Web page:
Ride report follows:
Not A Real Ulysses Ride – 2019
About once a year, my son Peter and I embark on a father/son motorcycle adventure – last year it was Hall’s Gap and the full length of the Great Ocean Road. This year, we extended it to a 3 day adventure and decided to do the reverse of Roger Foot’s Snowy Ride annual event. 1475+ km over 3 days was always going to be an ambitious schedule, but we were both up for a bit of a challenge, so at 7am on Friday 8th February, we headed off in the Gippsland direction.
We had bought a “shared bike” a week before – a 2015 Hayabusa with less than 3000km on the clock – bought on the previous Friday and taken next morning on the 3 day Ulysses Melbourne Tallangatta Ride. A bolt in the back tyre high on the Granya Gap (plugged on the 2nd attempt) precipitated the fitting of new tyres back in Melbourne – what better way to wear them in than a quick spin up to Thredbo!! With a 2016 BMW K1300 S Motorsport and a 2017 Thruxton R idle in the garage, Peter chose his 2016 Suzuki GSX-S 1000F and we decided on a “Suzuki Only” ride.
We made good time to Heyfield for a 9ish breakfast, through Maffra and rejoined the highway at Stratford. We lunched late at Cann River then off to Bombala and got to Thredbo about 5pm. There were extended sloshy muddy roadworks between Bairnsdale and Cann River – the bikes looked awful after that, but we managed to stay dry in the rain. It dried out after Cann River and apart from a kangaroo that couldn’t decide which bike to baulk, and then a deer that darted in front of us about 5km short of Thredbo, the ride was relatively uneventful and we arrived happy but tired at the River Inn where the accommodation is very good and quite economical. A nice meal at Bernti’s which has reopened after renovations (and the staff remembered us from past Snowy Rides) went down really well and we slept the sleep of the just, having done about 675km for the day, including minor side trips for sightseeing (in summer, don’t take your son to see the massive plume of water at the Jindabyne Spillway – it might not be happening…..).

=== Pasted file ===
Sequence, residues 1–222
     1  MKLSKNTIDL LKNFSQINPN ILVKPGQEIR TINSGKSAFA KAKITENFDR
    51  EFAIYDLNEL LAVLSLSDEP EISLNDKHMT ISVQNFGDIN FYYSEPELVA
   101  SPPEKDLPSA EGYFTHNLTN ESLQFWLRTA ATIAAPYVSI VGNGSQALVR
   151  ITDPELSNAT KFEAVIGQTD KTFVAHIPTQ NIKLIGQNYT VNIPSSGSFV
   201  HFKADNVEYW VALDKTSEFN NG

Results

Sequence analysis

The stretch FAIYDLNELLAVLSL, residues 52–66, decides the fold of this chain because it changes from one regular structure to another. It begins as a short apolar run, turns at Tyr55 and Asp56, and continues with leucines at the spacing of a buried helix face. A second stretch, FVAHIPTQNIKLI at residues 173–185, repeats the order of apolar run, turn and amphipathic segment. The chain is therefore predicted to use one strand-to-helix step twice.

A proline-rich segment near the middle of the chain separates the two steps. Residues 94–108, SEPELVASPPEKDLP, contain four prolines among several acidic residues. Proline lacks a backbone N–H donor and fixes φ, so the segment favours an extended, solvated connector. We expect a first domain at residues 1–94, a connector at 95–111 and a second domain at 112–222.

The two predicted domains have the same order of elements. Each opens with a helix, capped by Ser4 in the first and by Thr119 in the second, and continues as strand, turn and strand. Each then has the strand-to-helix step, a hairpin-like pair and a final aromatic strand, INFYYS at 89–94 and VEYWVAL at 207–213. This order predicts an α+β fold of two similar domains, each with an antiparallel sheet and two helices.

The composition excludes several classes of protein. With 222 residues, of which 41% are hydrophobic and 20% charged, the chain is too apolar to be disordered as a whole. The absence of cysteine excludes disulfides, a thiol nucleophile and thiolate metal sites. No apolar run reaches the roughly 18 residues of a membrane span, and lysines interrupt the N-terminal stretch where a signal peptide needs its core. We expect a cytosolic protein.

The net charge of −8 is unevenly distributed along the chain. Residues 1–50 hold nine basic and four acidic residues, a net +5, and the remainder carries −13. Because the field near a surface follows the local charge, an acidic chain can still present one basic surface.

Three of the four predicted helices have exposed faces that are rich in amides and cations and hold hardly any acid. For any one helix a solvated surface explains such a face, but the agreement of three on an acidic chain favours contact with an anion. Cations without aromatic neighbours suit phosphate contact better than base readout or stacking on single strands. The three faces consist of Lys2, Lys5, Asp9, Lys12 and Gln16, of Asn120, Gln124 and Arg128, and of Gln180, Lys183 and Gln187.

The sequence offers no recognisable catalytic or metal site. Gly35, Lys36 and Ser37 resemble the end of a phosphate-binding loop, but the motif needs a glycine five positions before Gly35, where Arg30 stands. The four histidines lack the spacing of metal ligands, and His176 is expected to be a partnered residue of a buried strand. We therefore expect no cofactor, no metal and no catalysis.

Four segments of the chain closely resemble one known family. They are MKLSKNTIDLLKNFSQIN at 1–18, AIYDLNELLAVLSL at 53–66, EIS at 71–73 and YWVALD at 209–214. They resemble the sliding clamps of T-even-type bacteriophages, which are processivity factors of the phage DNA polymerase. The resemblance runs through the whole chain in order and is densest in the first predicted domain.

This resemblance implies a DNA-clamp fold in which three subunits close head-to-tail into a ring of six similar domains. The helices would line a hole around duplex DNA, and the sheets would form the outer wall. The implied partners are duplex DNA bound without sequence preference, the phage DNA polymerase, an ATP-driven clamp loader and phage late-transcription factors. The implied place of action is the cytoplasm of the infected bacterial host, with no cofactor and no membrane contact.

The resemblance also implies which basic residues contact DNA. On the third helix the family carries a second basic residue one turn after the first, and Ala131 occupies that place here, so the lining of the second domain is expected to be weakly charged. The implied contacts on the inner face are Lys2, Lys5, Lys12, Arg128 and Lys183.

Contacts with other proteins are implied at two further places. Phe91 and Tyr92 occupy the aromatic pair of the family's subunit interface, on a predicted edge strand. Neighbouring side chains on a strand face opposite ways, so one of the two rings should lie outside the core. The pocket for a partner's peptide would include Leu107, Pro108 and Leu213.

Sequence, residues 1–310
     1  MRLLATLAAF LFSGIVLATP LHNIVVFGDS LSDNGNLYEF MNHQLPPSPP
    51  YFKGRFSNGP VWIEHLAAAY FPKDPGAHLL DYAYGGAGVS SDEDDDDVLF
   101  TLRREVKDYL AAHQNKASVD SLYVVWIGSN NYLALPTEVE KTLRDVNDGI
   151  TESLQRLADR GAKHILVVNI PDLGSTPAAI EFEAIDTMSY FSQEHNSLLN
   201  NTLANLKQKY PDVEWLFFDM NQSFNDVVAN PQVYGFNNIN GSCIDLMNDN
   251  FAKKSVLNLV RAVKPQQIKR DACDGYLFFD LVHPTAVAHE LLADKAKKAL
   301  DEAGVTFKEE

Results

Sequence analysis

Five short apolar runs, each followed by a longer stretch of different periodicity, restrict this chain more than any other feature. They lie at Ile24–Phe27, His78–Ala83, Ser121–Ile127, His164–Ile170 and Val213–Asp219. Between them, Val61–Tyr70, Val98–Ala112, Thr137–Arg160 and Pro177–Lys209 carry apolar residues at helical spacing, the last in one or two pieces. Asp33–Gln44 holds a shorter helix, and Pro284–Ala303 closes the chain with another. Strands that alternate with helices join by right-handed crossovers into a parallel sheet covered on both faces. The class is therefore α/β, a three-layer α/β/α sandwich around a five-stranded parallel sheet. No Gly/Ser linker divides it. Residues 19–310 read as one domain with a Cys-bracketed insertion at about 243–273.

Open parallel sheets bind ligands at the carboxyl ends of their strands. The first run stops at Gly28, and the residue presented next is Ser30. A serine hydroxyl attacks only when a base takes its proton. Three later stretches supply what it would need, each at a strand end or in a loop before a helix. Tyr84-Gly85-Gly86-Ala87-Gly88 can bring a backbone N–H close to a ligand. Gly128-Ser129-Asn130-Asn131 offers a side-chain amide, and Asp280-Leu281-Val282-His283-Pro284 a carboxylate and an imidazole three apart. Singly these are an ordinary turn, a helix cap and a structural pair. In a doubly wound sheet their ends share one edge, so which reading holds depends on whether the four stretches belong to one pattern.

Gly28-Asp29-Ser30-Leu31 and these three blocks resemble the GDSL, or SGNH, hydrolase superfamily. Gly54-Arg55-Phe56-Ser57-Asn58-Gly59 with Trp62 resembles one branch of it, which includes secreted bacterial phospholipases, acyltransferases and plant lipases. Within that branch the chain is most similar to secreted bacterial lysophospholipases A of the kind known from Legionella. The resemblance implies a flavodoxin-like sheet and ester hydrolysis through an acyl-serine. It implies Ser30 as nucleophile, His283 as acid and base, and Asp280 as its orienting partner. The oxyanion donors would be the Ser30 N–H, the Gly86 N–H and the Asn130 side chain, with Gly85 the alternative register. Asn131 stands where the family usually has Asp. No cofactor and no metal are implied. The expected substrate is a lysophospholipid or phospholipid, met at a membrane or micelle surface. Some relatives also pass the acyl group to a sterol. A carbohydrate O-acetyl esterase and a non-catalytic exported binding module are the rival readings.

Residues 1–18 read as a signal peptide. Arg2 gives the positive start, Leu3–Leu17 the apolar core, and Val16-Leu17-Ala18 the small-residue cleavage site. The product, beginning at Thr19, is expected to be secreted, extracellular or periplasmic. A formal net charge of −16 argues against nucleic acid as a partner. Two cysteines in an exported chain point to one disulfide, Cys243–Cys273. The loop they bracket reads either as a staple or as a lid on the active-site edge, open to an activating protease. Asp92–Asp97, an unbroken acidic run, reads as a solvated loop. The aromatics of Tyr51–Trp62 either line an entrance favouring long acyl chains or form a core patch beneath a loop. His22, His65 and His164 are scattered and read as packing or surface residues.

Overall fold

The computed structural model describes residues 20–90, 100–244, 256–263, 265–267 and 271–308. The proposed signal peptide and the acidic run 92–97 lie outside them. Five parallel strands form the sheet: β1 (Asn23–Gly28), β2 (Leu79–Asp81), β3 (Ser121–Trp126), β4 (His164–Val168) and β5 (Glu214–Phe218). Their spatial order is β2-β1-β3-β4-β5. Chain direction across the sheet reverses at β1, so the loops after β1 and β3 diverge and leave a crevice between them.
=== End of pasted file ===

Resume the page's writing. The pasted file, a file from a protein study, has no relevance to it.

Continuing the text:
An early breakfast and then off at 8am in somewhat threatening weather conditions and very strong winds to ride from Thredbo to Dinner Plain via the Dead Horse Gap, Corryong, Mitta Mitta, and Angler’s Rest, and then fuel at Omeo before the coldest half hour in my summer for the ride into Dinner Plain. It poured from Mitta Mitta to Angler’s Rest, but then came out sunny but still windy. We had the privilege of seeing close up the hunting skills of a pair of huge Wedge Tailed Eagles – awesome. However, the wet roads were further compromised by the endless tree branches, bark and leaves blown onto the bitumen – we were very happy to see the clouds finally roll away, but not before younger riders (one in particular) made an unsafe passing manoeuvre in pelting rain, cutting me off in a corner and almost dropping me on the road – sadly, we see every day why bike accident stats are as high as they are – it is called thinking with another part of your body……. However, we persevered, and in the height of summer, we arrived at the High Plains Hotelat 4pm in a balmy 2.3 degrees!! The accommodation and food were terrific, and the pub supervisor, Amber, is one of the real local characters – all in all a great place to stay.